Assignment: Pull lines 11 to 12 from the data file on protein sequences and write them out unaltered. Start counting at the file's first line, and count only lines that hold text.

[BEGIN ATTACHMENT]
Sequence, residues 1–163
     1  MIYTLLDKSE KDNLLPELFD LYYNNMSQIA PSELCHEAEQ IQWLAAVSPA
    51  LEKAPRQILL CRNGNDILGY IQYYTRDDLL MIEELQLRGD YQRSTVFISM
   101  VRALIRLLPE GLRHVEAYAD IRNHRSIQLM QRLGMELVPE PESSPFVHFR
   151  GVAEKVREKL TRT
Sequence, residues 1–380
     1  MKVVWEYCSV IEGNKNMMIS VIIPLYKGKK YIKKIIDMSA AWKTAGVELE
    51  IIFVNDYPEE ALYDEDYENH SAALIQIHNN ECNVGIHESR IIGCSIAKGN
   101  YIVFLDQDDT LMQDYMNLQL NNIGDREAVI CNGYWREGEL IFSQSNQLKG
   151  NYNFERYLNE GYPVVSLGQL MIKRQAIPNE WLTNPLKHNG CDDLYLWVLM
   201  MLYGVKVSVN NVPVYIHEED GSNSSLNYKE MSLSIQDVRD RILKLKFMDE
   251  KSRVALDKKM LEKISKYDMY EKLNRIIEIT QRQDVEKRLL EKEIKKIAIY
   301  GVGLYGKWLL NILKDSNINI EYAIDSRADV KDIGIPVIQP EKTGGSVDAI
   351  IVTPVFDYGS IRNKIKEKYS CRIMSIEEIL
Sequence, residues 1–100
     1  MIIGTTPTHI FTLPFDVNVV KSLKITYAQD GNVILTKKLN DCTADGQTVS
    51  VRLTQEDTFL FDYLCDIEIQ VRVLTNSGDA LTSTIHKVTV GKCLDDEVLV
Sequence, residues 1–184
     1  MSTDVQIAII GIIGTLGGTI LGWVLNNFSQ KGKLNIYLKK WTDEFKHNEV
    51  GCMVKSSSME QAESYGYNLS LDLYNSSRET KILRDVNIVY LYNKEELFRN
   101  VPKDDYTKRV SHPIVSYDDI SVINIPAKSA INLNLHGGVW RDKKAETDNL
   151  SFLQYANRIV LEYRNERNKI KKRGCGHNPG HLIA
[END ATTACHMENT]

   201  MLYGVKVSVN NVPVYIHEED GSNSSLNYKE MSLSIQDVRD RILKLKFMDE
   251  KSRVALDKKM LEKISKYDMY EKLNRIIEIT QRQDVEKRLL EKEIKKIAIY